There was also an abundance of another bear sign – piles of scat. And much of the scat was odd-looking because of a hairy fungus growing on top. Although I have seen this before, I don’t remember seeing so many scat piles covered in the Chia Pet-type growth. A quick search on the web revealed the fungus is probably one in the genus Phycomyces. This fungus is related to bread mold and is one of the first to grow on substrates that are high in sugar. The hairs are the sporangiophores and each is tipped with a tiny sphere full of spores.
It wasn’t long until we encountered something with hair of a different color – a Black Bear. It was a medium-sized adult bear who came out of the woods between myself and my friends a hundred yards or so down the road. She came out cautiously, frequently glancing back in the woods. We all thought she was probably not alone, and, sure enough, a young bear soon followed. I thought they were going to cross over into the nearby corn field, but she slowly meandered my way.
The stiff wind may hamper a bear’s ability to use its keenest environmental sensor, its nose. The young bear disappeared back into the woods and the adult soon stood up to look around and probably try to ascertain if the coast was clear. She probably could sense us, but maybe could not get a direction on the scent. She soon dropped down and ambled off to join her young one.
Cold, windy weather often offers good wildlife watching opportunities on the refuge as animals tend to get hungrier and more active during the day. After walking a few miles on various dirt roads, we encountered two bears off in the woods atop a leaning tree that had broken near the base. We sat and watched for about 20 minutes while the female gingerly pulled off chunks of bark and appeared to lick or bite at something underneath. After they ambled off into the thick undergrowth, we went over to check out the tree.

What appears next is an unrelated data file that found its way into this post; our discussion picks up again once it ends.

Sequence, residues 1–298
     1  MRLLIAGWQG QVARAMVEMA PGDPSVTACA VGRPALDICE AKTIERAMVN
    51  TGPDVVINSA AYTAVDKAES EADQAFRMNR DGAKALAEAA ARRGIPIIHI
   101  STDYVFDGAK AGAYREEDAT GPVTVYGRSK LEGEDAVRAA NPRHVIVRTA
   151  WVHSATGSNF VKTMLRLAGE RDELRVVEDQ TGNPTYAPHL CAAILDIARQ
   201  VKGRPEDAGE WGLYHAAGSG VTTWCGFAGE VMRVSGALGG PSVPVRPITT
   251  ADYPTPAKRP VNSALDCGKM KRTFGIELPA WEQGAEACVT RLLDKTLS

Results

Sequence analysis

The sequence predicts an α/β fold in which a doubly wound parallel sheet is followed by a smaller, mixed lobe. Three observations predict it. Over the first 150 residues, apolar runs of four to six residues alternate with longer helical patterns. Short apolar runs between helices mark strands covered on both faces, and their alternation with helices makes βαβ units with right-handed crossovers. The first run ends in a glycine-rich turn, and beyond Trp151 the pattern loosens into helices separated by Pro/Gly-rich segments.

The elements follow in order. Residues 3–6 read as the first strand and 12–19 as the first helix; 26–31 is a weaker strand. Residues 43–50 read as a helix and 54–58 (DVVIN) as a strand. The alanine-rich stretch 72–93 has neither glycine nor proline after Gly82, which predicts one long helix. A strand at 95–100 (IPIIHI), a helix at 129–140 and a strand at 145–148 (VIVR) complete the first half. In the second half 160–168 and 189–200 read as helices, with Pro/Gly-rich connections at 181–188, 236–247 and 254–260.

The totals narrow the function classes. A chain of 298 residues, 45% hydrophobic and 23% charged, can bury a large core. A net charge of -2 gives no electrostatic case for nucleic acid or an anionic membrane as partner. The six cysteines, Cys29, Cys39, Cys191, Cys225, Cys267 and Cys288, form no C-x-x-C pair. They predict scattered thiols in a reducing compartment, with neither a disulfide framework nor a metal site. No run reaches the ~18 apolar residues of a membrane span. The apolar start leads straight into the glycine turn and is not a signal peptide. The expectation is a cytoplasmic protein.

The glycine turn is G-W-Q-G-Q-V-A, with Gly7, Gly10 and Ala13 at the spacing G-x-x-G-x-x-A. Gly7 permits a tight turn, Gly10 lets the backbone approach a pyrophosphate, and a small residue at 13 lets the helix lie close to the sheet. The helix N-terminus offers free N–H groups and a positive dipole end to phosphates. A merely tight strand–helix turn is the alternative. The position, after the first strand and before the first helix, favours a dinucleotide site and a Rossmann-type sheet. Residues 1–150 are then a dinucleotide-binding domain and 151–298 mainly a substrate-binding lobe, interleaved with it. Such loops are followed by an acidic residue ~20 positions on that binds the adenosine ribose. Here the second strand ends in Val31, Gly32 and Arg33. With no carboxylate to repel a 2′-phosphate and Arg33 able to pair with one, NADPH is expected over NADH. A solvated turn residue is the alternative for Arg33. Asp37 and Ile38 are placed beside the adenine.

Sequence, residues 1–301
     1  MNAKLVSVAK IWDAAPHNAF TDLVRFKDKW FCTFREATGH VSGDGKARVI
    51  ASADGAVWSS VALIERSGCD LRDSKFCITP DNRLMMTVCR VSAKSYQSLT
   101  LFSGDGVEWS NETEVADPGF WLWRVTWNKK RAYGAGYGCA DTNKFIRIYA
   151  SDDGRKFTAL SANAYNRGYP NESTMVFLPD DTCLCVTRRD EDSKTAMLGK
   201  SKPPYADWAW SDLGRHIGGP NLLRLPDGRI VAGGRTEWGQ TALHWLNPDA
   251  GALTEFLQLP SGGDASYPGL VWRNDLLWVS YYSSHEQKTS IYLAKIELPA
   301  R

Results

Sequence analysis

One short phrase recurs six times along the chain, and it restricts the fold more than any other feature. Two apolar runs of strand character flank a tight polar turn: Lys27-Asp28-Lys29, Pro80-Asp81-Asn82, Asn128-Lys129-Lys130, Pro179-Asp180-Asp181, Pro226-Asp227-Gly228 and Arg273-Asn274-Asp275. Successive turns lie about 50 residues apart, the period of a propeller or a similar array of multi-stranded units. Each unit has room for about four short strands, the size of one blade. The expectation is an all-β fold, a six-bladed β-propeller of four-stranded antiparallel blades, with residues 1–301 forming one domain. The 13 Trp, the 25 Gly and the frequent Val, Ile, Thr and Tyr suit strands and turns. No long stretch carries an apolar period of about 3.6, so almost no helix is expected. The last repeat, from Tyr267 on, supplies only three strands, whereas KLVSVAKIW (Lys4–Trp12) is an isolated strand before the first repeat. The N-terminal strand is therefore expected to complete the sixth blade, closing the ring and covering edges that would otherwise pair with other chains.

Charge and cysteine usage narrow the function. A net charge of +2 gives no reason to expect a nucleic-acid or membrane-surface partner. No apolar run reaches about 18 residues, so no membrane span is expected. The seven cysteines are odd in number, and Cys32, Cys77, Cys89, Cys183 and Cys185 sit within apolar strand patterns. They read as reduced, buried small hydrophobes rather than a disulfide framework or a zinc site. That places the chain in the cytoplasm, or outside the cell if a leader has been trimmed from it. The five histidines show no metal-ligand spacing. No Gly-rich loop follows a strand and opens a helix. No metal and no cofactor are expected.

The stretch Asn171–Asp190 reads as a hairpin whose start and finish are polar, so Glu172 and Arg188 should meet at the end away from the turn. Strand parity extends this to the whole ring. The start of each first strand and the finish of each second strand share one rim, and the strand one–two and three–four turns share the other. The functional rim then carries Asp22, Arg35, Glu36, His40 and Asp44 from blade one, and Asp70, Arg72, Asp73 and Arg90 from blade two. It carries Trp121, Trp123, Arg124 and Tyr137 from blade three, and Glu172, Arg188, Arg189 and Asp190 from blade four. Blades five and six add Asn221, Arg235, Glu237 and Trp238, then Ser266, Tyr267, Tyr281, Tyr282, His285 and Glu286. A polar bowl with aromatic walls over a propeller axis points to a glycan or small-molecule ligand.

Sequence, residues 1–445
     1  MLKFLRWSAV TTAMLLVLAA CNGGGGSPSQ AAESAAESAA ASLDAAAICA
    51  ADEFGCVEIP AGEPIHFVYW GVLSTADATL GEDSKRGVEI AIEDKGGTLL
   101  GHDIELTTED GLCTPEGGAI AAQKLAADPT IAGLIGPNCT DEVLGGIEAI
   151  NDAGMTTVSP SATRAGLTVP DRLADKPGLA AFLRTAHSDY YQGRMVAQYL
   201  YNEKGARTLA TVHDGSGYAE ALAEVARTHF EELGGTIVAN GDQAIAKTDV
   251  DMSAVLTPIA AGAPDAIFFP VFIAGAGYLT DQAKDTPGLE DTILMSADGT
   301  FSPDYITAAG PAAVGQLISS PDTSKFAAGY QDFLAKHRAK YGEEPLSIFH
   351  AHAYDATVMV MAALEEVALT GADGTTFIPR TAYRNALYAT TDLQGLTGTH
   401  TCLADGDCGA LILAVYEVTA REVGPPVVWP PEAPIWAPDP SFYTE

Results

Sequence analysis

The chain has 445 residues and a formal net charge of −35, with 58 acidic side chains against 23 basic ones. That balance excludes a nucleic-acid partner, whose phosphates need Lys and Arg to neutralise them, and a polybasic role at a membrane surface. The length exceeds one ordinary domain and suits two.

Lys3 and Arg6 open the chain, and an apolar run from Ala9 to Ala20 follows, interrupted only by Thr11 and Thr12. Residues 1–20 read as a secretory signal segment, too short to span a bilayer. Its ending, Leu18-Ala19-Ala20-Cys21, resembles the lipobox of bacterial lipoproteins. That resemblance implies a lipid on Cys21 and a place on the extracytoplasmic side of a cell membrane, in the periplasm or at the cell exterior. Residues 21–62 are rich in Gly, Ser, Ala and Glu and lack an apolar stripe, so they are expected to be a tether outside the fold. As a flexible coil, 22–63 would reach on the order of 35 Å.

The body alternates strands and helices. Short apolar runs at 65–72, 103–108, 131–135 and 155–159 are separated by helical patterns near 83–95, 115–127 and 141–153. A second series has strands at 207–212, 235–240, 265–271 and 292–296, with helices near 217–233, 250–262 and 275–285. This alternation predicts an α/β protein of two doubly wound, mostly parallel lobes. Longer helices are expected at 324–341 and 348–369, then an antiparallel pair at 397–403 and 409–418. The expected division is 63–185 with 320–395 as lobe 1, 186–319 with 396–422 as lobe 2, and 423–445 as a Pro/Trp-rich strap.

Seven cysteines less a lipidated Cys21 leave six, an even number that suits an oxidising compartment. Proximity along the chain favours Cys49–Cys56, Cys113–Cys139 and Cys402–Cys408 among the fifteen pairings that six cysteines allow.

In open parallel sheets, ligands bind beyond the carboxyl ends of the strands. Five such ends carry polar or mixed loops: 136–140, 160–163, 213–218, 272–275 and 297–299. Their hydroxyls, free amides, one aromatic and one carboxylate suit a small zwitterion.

We quickly found what the large bear was so gently picking off the log – a variety of beetle grubs hidden under the bark. Grubs must be a bruin delicacy as evidenced by the amount of log rolling and stripping of bark that can be found on almost any downed tree in these woods.
After several more bear sightings we finished our beary good day with a large bear coming out of the woods and feeding in the corn field as we sat and watched nearby. It walked in and sat down, grabbing an ear of corn and feeding on it while sitting and looking around.
Occasionally, the bear would pick up an ear off the ground and carry it a ways before sitting and eating. We finally got up to leave and were greeted by another bear with two young, and then three more on the way back to the car. An amazing day in an amazing place. The final amazement came in the form of a beautiful sky with literally thousands of swans calling and filing by overhead as they made their way back to their critical resting spot on the lake. This short video gives you a sense of what it is like in this magical place.
I will be leading several trips this winter to this area both on weekends and during week days to observe wildlife and learn abut the importance of this and other refuges as critical wildlife habitat. If interested in attending one of these trips, please contact me at my firstname.lastname@example.org email address or via my Facebook page. While there are no guarantees on seeing so much wildlife, it is a place that never disappoints me.